My main point concerns practicability. It is a nice idea that we can define an independent vet, and I tried to tease out what an independent vet is in my exchange with the hon. Member for Congleton. When we have an outbreak on the scale that we have just experienced, manyincorrectly, I used to say that all private vets worked on the past outbreakvets work for the state veterinary service. Because we had to have clean and dirty vets, many of them could not go onto different holdings. Many vets who had no particular experience of dealing with farm animals were employed because of the nature of the outbreak. In such an outbreak occurred in future, it would be difficult to find an independent vet because it is likely that somebody working as a temporary veterinary inspector would be going onto a holding for which they were also the vet. Such a person could give the work to colleagues in their practice, but it is difficult for vets within the same practice to argue against each other.
Mr. Breed: Does the hon. Gentleman accept that the Bill may make such a situation more difficult? DEFRA inspectors could go onto a holding and insist that a vet works for them on pain of committing an offence if they do not do so.
Mr. Drew: This is the crux of the matter. It depends on how one defines the words ``insistence'' and ``consultation''. My experience, which I hope to bring to the Committee, is that the people who were working for MAFF as it was then, DEFRA as it is now, did everything they could to persuade. Mistakes were made and people found it difficult to give the bad news that they thought a holding had foot and mouth. There are many emotional stories that those of us who were directly involved can dredge up.
We must accept that people use their best professional judgment, and we must empower those people. As much as we are talking about the people who objected to the cull, most farmers in my constituency accepted what had to happen. They wanted it done quickly; they wanted it done because they did not want the disease; they wanted it done because they did not want other people to go through what they were going through. The difficulty is one of balance. Legislation is a blunt instrument, and we are trying to do the best that we can. I shall look carefully at each amendment, but this amendment fails because it cannot define an independent vet.
Mrs. Winterton: The hon. Gentleman used the word ``think''; the Bill contains the word ``thinks''. However, he rejects this moderate amendment, which tries to introduce a modicum of independent veterinary advice and consultation with the owners. He rejects that because he thinks, and the Government think, that they should be able walk in and slaughter because they think it is possible. The hon. Gentleman, who is a moderate man, represents an agricultural constituency and should make a great quantum leap to support this modest amendment.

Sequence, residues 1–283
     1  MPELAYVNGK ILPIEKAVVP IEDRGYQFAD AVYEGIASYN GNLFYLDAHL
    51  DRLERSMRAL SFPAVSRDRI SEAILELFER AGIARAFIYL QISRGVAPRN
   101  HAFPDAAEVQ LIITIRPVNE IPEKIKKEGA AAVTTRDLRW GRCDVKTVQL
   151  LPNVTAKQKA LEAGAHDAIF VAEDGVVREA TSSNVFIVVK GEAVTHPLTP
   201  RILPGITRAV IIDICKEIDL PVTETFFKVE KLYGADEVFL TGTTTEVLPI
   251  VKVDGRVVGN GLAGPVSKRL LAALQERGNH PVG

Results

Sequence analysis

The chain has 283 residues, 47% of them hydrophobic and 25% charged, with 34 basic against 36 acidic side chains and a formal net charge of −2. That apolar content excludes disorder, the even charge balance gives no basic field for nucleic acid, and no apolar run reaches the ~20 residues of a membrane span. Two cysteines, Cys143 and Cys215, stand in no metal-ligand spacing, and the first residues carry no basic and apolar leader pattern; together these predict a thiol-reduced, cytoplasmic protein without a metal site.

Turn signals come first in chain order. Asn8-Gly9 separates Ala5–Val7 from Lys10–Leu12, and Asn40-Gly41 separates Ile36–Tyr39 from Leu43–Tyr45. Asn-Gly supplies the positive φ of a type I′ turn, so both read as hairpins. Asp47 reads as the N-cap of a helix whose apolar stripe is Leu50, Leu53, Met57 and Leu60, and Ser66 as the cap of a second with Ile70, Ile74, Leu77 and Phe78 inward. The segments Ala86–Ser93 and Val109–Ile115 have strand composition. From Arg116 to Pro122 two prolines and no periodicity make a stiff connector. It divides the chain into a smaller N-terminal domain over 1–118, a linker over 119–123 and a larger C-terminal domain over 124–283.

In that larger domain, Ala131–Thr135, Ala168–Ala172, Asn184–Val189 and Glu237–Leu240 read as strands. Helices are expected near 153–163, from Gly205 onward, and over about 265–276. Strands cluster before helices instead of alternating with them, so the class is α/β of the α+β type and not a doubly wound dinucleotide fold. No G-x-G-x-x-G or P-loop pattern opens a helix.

Mr. Drew: I am glad to hear that I am moderate because I have always tried to be moderate in everything I do. I shall try to be moderate in the time that I take defending my position. If those who would oppose having their animals taken or, let us remember, having their animals vaccinatedwe are not necessarily discussing a culling strategydo not want that to happen, they will get an independent vet who agrees with them. The problem is that time is always of the essence, and the best device to prevent that from happening is to delay it. There is a danger in talking about particular time periods, although the 24-48 hour argument does not apply here as we are talking about 48 hours. It was said that the Government should have acted more quickly on restrictions on animal movement, and reference was made to the period of three days. That is a nice idea with hindsight, but here we are talking about a period of 48 hours after the initial inquiry has begun. Such a delay could lead to further spread of the disease.
|©Parliamentary copyright 2001||Prepared 22 November 2001|